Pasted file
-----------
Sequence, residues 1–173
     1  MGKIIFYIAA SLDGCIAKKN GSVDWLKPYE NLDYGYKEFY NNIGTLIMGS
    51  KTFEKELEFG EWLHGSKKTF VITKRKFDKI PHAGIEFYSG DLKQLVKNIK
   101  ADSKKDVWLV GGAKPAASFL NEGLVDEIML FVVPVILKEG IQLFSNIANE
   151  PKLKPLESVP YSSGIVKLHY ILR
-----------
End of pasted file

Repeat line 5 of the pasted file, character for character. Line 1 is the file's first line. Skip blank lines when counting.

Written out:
   151  PKLKPLESVP YSSGIVKLHY ILR